Three-Dimensional Modelling for Cultural Heritage

Three-Dimensional Modelling for Cultural Heritage

Luis Marques, Josep Roca
DOI: 10.4018/978-1-7998-2249-3.ch014
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The creation of 3D models of urban elements is extremely relevant for urbanists constituting digital archives and being especially useful for enriching maps and databases or reconstructing and analyzing objects/areas through time, building/recreating scenarios and implementing intuitive methods of interaction. The widespread data available online offer new opportunities to generate realistic 3D models without the need to go physically to the place. This chapter aims to demonstrate the potential 3D modeling and visualization/interaction of urban elements in the city for multiple purposes, and it is organized in four main topics: The first deals with the theoretical framework regarding the bases of the human perception of the spatial environment and the importance of 3D modelling. The second and third deal with technical procedures on terrestrial/aerial data acquisition and demonstrate alternatively data gathered online to generate 3D models for the visualization of urban elements of the city, and the fourth introduces 3D model visualization within an augmented reality environment.
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Theoretical Framework: Representations, Spatial Environment And Cultural Heritage

Representations play a central role in a cognitive system, supporting perceptions, which are at the basis of how individuals recognize the physical world. The concept of space has been considered an innate organizing principle of the mind, through which the world is, and must be, perceived. Thus, representations are fundamental in the brain, being at the source of all empirical knowledge and conception of the world. People seem to have quite accurate mental representations of their spatial environment, coherently capturing the categorical spatial relations between elements that support perception, reorientation, and spatial inferences (Golledge, 1999). However, mental (internal) representations of the spatial environment diverge from the real world, eliminating and/or adding entities, frequently introducing distortions. Reconstruction generates systematic errors; therefore, humans rely on external representations to serve as cognitive aids for memory and information processing. Visuospatial representations have many similarities to those that reside in the mind. External cognitive tools function to extend the powers of the mind by exploring the human skills at spatial reasoning (Tversky, 2005). These external affordances enhance human cognition and help to understand the spatial environment.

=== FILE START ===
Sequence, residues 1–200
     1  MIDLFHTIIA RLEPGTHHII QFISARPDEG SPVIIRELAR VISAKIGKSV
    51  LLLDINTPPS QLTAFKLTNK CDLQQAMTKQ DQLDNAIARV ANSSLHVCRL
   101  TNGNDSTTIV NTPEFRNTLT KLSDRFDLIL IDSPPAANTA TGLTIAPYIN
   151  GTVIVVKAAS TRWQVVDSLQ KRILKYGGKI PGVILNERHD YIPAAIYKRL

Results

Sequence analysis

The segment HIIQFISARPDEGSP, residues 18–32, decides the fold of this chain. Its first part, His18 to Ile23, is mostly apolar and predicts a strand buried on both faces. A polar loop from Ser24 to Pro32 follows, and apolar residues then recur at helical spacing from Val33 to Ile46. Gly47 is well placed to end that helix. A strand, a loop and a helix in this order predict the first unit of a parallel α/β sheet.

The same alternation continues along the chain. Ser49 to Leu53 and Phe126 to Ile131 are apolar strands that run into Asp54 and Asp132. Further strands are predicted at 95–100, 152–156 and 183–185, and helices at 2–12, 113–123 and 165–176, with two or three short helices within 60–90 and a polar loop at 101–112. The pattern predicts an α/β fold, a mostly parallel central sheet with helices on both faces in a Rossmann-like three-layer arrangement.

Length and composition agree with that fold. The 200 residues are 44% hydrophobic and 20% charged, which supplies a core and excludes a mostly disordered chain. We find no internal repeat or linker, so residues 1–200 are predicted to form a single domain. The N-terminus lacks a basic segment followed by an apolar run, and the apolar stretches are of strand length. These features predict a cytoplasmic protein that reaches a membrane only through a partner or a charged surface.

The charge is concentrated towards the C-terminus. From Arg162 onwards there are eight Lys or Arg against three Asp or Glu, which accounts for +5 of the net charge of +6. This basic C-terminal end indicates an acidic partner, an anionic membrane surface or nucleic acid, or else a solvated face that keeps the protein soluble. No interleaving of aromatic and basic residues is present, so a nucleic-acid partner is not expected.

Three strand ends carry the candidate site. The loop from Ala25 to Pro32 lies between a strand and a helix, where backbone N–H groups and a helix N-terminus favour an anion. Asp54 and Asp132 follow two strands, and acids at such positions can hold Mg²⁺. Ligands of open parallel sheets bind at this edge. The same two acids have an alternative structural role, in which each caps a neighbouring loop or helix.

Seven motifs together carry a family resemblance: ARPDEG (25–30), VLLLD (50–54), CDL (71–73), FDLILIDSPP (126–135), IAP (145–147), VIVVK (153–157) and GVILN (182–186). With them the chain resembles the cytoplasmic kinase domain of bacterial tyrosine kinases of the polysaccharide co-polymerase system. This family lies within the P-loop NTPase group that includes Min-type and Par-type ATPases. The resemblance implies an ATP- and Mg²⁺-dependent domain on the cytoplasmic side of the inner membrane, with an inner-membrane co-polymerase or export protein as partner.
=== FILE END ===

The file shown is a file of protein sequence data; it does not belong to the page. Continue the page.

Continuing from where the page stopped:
Key Terms in this Chapter

3d Models: Representation of objects based on its position x, y (2D) and z (height).

Volunteered Geographic Information: Phenomenon known as user-generated content. A widespread engagement of large numbers of citizens, often with little in the way of formal qualifications, in the creation of geographic information. They are largely untrained and their actions are almost always voluntary, and the results may or may not be accurate. But, collectively, they represent a valuable set of data about the spatial environment in time.

Mixed Reality: Complements reality/virtuality rather than completely replacing it, appearing to the user that the virtual and real coexist in the same environment.

Augmented Reality: Enrichment of the real world with a complementary virtual world. The digital information or representations are merged with the real view via a device that combines both real and virtual. An AR system expands the real world scene allowing the user to maintain the sense of presence in that world.

Geographic information: Data about places on the Earth's surface. Representations (analog or digital) of the external environment in space and time.

Virtual Reality: Computer generated, interactive, three-dimensional environment in which a person is immersed. Alternative reality (illusionary and represented) that seems to possess all the attributes of reality, truly and objective.

Geographic Information Technologies: The role of technics and tools to acquire, process, store, integrate and visualize geographic information (e.g. Global Navigation Satellite Systems, Geographic Information Systems, Remote Sensing, Unmanned Aerial Vehicles, mobile, apps, 3D, Virtual and Augmented Reality).

Cultural Heritage: Assumes the notion of value and cultural inherency, often related with unicity, rareness, importance, memory, or symbolic representation of one or more specific objects, events, milestones, achievements, or historical significance. Value has always been the reason underlying heritage conservation. However, the notion of valuation might be identified or increased, when supported individually or collectively by processes of extend their intrinsic value.

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